I know we have debated who's to blame for the economic downturn, and there are fingers pointing in all directions. But the story that was in the center of today's TFP by David Floyd is a gross example of the willy-nilly, free-wheeling check-writing incompetence of Joe Biden.
The American Rescue Plan Act, passed by the Democrat-controlled Congress in 2021, was used all over Hamilton County on Wednesday, and it was hardly about rescues and nothing close to American.
Sure, it was passed under the good intentions of helping people during the pandemic. But, you know what they say, no good deed goes unpunished, because if the Hamilton County commission did not spend the more than $71 million allowed to our county, that money would have been lost.
Yeah, the spend it or lose it philosophy always leads to frivolous decisions.
And hey, I get the perceived 'need' of the track folks at East Hamilton and East Ridge or the roof and electricity concerns at McDonald Farm, but it's bad planning, bad leadership and bad government to put a policy in place in the name of COVID relief that becomes $750,000 for an on-campus tennis facility so the No. 2 doubles team at Signal Mountain doesn't have to drive 3 miles to the courts behind Town Hall and the rest of these 'wants.'
I understand the supply line issues and the debate of climate concerns vs. gas prices. Heck, the Russia invasion of Ukraine was beyond Biden's control too. But for those of us who vote with our wallets, this is yet another F for Biden and the Democrats in my mind.
Great gesture, bad precedent
I love stories like this, and in truth, JJ Watt seems to be one of the truly great people who also is a truly great player in sports today.
Side question: If we ranked the bona fide first-ballot Hall of Famers in the three major sports right now, who among that group would be first-ballot inductees into the "Good person" Hall of Fame? Taking all nominees, because I think JJ Watt is there. I think Steph Curry is there. Thoughts?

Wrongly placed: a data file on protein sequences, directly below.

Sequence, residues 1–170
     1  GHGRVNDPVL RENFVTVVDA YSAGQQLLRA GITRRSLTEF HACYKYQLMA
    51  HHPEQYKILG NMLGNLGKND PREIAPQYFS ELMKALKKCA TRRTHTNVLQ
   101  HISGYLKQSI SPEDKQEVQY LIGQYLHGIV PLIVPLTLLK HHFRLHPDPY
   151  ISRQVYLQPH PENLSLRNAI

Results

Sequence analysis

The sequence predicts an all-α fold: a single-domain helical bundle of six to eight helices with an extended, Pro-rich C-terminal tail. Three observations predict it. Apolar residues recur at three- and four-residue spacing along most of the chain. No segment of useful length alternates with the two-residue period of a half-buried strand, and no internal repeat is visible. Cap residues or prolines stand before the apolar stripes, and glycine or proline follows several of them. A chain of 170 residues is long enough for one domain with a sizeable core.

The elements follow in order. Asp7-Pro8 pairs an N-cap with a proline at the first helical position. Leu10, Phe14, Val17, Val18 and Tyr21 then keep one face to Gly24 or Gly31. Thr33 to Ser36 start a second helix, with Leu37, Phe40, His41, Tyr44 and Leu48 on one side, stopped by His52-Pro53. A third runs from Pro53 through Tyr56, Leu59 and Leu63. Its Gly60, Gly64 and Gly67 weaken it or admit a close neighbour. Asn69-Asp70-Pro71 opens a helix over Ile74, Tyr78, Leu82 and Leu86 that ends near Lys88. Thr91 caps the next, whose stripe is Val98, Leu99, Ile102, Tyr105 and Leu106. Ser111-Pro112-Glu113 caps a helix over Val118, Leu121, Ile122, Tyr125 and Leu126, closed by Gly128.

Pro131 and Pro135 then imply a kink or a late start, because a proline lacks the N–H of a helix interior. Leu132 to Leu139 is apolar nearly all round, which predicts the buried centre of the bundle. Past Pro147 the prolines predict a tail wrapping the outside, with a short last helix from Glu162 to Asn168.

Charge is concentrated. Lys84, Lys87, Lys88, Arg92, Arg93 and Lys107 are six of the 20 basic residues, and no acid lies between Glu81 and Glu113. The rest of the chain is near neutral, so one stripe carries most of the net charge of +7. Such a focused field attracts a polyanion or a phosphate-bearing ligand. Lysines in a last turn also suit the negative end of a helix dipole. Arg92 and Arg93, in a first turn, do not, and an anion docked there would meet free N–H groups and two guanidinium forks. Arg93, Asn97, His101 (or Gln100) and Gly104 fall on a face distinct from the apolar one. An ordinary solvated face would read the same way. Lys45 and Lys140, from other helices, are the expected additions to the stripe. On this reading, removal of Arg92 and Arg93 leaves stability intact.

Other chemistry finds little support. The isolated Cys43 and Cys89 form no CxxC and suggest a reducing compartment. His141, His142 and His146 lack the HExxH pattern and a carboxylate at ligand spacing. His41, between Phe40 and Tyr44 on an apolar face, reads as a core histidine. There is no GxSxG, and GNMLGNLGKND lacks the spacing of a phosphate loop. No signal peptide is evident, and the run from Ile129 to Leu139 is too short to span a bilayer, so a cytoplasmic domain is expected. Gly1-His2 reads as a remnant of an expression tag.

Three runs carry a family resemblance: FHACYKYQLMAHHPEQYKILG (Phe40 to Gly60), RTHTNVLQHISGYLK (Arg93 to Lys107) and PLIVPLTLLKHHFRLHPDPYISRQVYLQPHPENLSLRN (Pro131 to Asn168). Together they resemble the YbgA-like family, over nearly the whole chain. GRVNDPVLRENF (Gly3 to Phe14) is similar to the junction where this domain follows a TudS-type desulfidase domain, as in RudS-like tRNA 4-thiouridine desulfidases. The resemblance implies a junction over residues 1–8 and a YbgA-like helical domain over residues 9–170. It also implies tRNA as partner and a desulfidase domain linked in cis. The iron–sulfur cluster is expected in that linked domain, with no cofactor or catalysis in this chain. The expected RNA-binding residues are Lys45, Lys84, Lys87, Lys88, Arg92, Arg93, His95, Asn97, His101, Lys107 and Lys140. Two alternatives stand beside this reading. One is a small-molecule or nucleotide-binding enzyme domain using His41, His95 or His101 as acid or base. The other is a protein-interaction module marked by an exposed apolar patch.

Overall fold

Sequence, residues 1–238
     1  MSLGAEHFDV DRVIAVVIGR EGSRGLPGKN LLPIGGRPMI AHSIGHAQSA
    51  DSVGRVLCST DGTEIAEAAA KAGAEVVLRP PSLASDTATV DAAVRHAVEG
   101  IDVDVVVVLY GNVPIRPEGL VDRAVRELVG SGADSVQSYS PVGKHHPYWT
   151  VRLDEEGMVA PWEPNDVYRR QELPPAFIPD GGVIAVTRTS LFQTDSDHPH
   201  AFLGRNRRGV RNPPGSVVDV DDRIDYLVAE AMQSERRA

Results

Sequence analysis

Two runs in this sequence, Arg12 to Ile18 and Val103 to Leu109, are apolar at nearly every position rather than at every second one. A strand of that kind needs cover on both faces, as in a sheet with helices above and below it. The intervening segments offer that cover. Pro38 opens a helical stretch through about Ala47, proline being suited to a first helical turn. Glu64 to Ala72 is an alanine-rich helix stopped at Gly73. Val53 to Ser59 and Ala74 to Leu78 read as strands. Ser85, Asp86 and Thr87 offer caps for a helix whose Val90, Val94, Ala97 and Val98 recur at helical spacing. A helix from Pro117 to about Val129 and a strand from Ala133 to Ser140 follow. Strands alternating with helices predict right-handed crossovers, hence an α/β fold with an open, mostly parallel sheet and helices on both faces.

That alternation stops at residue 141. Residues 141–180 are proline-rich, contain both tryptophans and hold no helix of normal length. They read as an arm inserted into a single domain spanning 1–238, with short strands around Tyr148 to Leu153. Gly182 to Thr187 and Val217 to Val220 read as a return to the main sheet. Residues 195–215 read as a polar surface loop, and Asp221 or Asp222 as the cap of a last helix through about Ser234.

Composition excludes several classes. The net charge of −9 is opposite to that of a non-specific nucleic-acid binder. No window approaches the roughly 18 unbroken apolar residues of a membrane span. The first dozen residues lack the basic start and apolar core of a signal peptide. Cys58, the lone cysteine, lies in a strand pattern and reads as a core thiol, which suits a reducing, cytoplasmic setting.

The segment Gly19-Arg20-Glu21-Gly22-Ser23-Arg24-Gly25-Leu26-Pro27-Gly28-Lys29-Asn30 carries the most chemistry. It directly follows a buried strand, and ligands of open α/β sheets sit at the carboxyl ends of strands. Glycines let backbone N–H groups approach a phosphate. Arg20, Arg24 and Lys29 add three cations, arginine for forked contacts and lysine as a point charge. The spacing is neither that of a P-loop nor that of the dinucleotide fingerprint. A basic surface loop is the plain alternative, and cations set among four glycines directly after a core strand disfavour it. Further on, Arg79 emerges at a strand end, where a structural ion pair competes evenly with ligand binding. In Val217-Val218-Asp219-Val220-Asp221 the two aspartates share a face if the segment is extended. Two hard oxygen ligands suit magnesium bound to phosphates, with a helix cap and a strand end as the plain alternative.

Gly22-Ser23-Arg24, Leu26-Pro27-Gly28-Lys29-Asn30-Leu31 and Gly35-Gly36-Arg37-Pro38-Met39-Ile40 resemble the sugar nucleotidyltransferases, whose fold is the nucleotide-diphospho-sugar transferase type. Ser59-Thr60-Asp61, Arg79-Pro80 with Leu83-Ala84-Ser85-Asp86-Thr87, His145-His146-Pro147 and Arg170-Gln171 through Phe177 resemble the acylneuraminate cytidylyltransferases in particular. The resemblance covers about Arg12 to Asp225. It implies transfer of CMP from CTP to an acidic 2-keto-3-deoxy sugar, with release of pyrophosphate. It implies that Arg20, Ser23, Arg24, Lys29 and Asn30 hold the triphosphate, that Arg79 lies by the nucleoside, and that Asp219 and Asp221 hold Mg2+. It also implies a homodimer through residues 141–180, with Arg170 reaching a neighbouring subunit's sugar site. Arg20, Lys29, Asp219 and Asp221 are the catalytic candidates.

Anywell, so a woman in Arizona offered to sell some JJ Watt memorabilia online to help pay for her grandfather's funeral. Yes, it's a sad tale and it was mostly unsolicited, although she did hashtag Watt's social media account.
So Watt responded and told the lady not to sell her stuff and that he would help with expenses and said "Sorry for your loss."
It was a grand gesture. And one that sadly will come back to bite him at some point. Because once that spigot opens, what happens when someone tags him selling a Watt helmet to pay for a kid's cancer treatment or a game jersey to keep a family of five from being evicted or fill in the blank with whatever hardship comes next.
I hate how cynical that sounds and feels, and kudos to JJ Watt for a grand gesture. I just hope he does not have to regret it down the road.
Makin' a LIVin these days
OK, I know that I have frequently discussed the LIV golf tour, but it intrigues me.
It intrigues me for a slew of reasons.
First, and this is sorely under-discussed, but the PGA Tour was started by some 'rebel' golfers like Jack Nicklaus and others in 1969 as a breakaway tour from the PGA of America and its tyrannical ways. Hmmmmmmmmm. Second, there are so many great dichotomies out there in the discussion of the LIV.
Is it an attempt of 'sports-washing' an evil history of atrocities? I can see that. Is it a place where Donald Trump gets to offer his spiteful and vindictive retorts? You bet. Is it a competitive option in a sports realm that is based on competition among players and teams but is aghast at the thought of competition in its space as an entity in the open market? Absolutely.
Third, is it being fairly reported on? At least not in the eyes of LIV member Lee Westwood, who responded to a Sky reporter's claims that he was verbally assaulted for asking a LIV golfer if The Open was possibly his last major.